FIG. 2 illustrates the variation of the backlight levels of an EL panel in response to changing light levels in accordance with the present invention.
FIG. 3 illustrates an automatically adjustable electroluminescent backlight panel in conjunction with an efficient electroluminescent panel power supply unit.
FIG. 1 schematically illustrates an exemplary automatic control circuitry for an electroluminescent panel which may be utilized as a backlight in a liquid-crystal display system. An electroluminescent panel (EL) 10 is of the standard variety which is driven by an electroluminescent panel power supply unit (EL PSU) 12. The power supply unit 12 provides an alternating-current to drive the electroluminescent panel 10 which may range from 50 Hz to 1 kHz in frequency and from 75 Vrms to 200 Vrms depending on the requirements of the panel 10, for example. Because portable electronic devices are typically powered by a battery providing a direct-current voltage on the order of 10 volts, the power supply unit 12 may be a specialized circuit which is capable of providing a high voltage alternating-current from a low voltage direct-current source.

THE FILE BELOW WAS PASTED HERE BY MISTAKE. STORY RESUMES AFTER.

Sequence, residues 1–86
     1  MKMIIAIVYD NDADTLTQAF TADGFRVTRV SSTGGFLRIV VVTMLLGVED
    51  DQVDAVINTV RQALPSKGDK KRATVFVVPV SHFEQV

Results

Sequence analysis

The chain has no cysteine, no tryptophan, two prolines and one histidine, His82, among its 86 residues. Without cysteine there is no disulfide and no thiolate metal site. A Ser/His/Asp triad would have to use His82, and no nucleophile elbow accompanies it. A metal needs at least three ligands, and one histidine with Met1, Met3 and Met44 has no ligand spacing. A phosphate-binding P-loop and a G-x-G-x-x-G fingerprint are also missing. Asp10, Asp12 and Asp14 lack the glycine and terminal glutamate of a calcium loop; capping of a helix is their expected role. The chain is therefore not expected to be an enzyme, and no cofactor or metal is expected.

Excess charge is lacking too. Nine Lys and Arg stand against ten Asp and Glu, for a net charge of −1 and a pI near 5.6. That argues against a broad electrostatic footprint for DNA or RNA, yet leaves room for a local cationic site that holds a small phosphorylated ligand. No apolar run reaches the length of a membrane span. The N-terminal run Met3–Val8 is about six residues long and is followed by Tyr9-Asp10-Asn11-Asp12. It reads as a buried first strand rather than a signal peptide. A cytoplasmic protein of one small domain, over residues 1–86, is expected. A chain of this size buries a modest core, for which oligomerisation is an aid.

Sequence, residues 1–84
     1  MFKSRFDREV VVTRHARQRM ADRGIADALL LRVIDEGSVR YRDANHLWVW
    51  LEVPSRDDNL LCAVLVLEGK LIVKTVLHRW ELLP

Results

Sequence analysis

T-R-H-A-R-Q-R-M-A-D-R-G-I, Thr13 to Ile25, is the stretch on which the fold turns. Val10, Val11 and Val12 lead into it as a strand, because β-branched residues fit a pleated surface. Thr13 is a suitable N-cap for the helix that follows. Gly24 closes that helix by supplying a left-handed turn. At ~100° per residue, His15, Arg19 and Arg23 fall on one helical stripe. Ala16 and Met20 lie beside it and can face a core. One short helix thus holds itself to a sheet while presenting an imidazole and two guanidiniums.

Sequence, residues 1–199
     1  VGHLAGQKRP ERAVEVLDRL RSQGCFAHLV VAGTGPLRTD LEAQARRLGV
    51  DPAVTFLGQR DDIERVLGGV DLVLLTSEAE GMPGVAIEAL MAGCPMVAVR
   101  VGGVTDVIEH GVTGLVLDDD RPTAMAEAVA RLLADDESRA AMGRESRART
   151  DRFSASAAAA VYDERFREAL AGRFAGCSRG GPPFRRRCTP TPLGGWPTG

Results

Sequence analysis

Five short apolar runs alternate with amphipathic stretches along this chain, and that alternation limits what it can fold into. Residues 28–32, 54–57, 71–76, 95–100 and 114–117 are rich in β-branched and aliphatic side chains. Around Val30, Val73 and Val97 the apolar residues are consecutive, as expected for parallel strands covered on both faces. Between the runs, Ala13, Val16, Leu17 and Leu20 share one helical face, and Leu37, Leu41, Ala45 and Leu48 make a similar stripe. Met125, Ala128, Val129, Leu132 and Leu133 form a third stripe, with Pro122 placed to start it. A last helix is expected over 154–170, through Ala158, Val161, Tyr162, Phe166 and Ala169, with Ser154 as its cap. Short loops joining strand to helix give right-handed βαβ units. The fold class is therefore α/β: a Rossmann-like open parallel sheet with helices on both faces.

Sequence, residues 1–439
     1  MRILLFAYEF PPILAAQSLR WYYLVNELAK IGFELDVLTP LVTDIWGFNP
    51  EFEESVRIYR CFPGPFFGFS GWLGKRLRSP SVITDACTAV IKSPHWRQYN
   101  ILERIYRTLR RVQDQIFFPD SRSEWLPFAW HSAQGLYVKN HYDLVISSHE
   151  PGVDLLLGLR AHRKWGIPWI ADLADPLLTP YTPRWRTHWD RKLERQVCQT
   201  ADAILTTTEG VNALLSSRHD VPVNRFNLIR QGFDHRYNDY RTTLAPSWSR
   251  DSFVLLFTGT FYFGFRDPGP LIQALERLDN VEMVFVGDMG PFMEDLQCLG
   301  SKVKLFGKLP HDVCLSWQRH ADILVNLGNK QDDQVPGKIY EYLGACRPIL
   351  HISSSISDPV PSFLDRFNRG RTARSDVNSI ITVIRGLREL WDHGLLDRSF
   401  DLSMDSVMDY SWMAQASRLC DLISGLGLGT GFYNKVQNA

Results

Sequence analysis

The power supply unit 12 is provided with a driving signal from a pulse-width modulator (PWM) 14 which controls the driving of the electroluminescent panel 10. The pulse duration of the pulse-width modulator output signal may be intelligently controlled by a microcontroller (μC) 16 which may be the microprocessor of the portable electronic device in which the present invention is utilized. Alternatively, the microcontroller 16 may be a digital signal coprocessor dedicated to control of the peripheral devices in a portable electronic device such as the input and output devices. The output signal of the pulse-width modulator 14 may connect through a filter network comprising R1 and C1 before reaching the input of the power supply unit 12 to smooth the output current of the pulse-width modulator 14.